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Police Union Endorses Donald Trump Despite His Controversial Muslim Ban Proposal

Trump called the New England Police Benevolent Association's endorsement a huge honor and promised to give cop killers the death penalty, while also defending his recent call to temporarily ban Muslims from entering the United States.
December 11, 2015, 5:05pm
Photo by Jim Lo Scazlo/EPA

Donald Trump pledged to give police killers the death penalty in a speech he delivered to an audience of police officers in New Hampshire, as the Republican presidential frontrunner was endorsed by a major police union. The vote of confidence from the New England Police Benevolent Association (NEPBA) came just days after the presidential hopeful sparked controversy for proposing a temporary ban on Muslims entering the United States.


Speaking to union members in Portsmouth on Thursday, Trump called the endorsement a huge honor. He then used his time to defend his comments about Muslims and discuss illegal immigration, while also promising to use an executive order to impose the death penalty on people who kill officers.

"One of the first things I do in terms of executive order if I win will be to sign a strong, strong statement that will go out to the country, out to the world, that anybody killing a policeman, policewoman, police officer… anybody killing a police officer — death penalty," Trump said. "It's going to happen. OK? We can't go. We can't let this go."

Trump defended his call to completely prevent Muslims from entering the US, which provoked an international uproar earlier this week. He has called for Muslims, including would-be immigrants, students, and tourists, to be blocked from entering the country after shootings in California by two Muslims who authorities said were radicalized.

Board members of the NEPBA approved the endorsement, saying that they were largely focused on Trump's backing of police, with the Muslim comments only vaguely discussed, the Boston Globe reported. Some 200 police departments across the northeast region are included in the NEPBA, which has around 5,000 members.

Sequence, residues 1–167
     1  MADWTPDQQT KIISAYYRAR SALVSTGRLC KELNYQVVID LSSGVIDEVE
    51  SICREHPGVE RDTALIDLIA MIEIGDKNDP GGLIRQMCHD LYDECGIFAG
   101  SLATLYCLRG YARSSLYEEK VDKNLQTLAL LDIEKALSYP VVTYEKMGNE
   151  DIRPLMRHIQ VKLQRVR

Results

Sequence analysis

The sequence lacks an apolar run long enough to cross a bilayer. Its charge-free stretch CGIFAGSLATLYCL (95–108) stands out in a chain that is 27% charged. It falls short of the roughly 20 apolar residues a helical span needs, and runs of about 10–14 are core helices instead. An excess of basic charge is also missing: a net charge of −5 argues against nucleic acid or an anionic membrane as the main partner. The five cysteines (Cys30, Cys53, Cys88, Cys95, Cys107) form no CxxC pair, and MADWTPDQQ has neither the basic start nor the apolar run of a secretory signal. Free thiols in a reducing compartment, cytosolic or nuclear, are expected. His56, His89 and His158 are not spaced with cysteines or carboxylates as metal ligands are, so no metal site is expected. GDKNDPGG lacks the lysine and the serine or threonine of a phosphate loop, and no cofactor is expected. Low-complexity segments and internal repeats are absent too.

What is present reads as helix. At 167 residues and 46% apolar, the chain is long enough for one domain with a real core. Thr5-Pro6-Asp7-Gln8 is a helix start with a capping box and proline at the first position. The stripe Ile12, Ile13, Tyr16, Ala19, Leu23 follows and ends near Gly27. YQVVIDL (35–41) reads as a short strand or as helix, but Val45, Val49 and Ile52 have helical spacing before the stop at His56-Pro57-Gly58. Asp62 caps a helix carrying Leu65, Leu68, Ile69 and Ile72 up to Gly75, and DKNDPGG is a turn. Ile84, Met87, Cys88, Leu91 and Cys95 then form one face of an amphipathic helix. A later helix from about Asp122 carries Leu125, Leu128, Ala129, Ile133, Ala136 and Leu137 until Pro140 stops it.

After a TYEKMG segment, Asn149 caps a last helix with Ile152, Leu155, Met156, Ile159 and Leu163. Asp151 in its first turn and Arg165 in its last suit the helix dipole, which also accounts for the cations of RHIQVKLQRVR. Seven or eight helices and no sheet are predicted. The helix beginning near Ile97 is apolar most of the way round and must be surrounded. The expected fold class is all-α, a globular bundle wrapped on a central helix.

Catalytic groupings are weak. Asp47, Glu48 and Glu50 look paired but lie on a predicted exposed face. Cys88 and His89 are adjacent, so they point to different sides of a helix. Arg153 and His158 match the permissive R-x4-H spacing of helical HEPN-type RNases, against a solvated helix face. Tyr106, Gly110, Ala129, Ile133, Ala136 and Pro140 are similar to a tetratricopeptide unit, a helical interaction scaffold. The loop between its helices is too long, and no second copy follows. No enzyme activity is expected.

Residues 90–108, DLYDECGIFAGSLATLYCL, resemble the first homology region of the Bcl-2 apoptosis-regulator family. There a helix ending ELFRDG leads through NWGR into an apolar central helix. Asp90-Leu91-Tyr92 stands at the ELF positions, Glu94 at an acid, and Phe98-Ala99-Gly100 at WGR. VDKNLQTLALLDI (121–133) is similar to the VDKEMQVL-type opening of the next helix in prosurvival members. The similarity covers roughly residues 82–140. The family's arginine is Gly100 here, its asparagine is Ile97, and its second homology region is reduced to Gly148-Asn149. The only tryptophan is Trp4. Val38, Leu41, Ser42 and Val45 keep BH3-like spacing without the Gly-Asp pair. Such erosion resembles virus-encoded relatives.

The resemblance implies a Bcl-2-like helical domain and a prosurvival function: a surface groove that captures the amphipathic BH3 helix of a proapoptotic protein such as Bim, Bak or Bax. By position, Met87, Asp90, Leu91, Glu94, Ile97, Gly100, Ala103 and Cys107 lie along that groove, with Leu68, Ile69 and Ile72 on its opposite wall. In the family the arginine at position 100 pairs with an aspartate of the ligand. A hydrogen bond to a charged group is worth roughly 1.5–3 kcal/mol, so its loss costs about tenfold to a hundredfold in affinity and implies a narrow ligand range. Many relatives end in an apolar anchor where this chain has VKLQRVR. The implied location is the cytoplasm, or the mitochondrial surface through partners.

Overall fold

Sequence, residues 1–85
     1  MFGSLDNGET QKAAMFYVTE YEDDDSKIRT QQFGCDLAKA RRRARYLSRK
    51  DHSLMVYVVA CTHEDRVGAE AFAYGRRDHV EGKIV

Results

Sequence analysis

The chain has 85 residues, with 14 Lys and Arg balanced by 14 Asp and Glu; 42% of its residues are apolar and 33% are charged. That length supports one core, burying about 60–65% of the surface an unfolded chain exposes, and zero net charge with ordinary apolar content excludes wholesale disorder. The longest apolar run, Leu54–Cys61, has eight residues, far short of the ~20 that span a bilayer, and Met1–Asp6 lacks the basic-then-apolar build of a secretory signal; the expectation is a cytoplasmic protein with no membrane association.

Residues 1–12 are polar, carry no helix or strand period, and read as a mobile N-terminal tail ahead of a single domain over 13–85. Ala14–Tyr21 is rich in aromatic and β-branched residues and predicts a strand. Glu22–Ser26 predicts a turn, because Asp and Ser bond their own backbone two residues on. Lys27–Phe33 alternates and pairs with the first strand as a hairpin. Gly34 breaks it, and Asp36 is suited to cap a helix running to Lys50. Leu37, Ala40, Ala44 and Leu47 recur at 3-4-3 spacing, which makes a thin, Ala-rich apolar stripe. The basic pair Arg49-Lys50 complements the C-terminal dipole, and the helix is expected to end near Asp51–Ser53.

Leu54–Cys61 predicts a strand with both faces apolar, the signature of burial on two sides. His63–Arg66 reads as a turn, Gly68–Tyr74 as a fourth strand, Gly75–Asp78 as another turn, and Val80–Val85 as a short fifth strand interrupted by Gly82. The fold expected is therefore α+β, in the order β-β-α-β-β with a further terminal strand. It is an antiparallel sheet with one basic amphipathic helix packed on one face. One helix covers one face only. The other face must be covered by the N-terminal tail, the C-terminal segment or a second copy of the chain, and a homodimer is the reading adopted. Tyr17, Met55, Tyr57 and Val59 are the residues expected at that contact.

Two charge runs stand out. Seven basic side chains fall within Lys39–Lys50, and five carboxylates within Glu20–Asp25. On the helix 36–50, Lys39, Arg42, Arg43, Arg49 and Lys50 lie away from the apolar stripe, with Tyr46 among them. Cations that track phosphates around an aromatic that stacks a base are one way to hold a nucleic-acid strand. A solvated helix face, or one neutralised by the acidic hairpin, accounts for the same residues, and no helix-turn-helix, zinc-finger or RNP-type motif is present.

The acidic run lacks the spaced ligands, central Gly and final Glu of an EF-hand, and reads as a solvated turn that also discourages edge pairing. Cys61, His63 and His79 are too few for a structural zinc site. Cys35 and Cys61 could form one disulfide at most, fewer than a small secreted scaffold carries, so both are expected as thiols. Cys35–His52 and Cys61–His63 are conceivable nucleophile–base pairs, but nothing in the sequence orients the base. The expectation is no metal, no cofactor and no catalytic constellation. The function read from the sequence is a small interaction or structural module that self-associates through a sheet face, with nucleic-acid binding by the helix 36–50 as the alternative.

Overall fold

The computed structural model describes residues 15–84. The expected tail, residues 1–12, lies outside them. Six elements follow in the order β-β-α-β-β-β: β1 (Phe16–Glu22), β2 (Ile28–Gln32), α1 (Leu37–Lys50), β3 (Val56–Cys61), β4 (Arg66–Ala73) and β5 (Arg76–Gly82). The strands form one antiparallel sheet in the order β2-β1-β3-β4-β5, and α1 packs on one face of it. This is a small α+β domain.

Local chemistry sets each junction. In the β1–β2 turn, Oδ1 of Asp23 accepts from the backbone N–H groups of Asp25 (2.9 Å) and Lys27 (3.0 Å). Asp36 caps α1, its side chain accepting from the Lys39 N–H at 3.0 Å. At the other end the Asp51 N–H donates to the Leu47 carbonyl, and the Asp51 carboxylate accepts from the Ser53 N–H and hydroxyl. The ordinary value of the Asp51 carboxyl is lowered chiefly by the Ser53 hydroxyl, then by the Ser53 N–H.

"Listen, our message very clear: It's what is the next president of the United States going to do to unite this country in an effort to save police officers? Because it's open season on police officers,'' NEPBA executive director Jerry Flynn said before the vote, according to the Globe. ''At this point, those of us who are supportive of any party have to look at what is the best interest of our members.''


In his speech, Trump likened the recent outrage to the negative reaction that followed his remarks over the summer asserting that Mexico was sending rapists and other criminals into the US. He then said illegal border-crossers from Mexico were carrying "tremendous infectious disease."

"When I said 'illegal immigration,' all of a sudden people started thinking," he said. "And two weeks later, three weeks later, it was really a nice conversation."

He went on to explain that a similar evolution has happened since he first made the Muslim immigration ban comments.

"I'm watching the shows tonight, 'Well, you know, Trump has a point. The visa system is not working.' This woman came in on a marriage visa and she was totally radicalized, and she came in and all of a sudden they're saying it's not working, the visa system, and then another show is talking about something else not working," Trump said, in reference to Tashfeen Malik, who along with her husband Syed Farook is suspected of carrying out the recent mass shooting in San Bernardino that left 14 people dead and 21 wounded.

A Reuters/Ipsos poll conducted this week, which includes responses from before and after Trump made his proposal on Monday, shows that he still holds a commanding lead in the Republican race.

While his polling numbers have not tanked, Trump has started to see backlash from around the world, particularly from business partners. The businessman-turned-reality TV star now makes most of his money from selling his name to golf courses, luxury developments, and retail goods.

Scottish First Minister Nicola Sturgeon removed Trump as the country's business ambassador. Meanwhile, Landmark Group, a Dubai-based holding company that operates the regional home retail chain Lifestyle, announced on Wednesday that its stores would no longer carry "Trump Home" — a line of luxury furnishings inspired by the real estate mogul's properties — in the United Arab Emirates, Kuwait, Saudi Arabia, and Qatar. A $6 billion golf project in Dubai that was set to bear the Trump name also dropped it.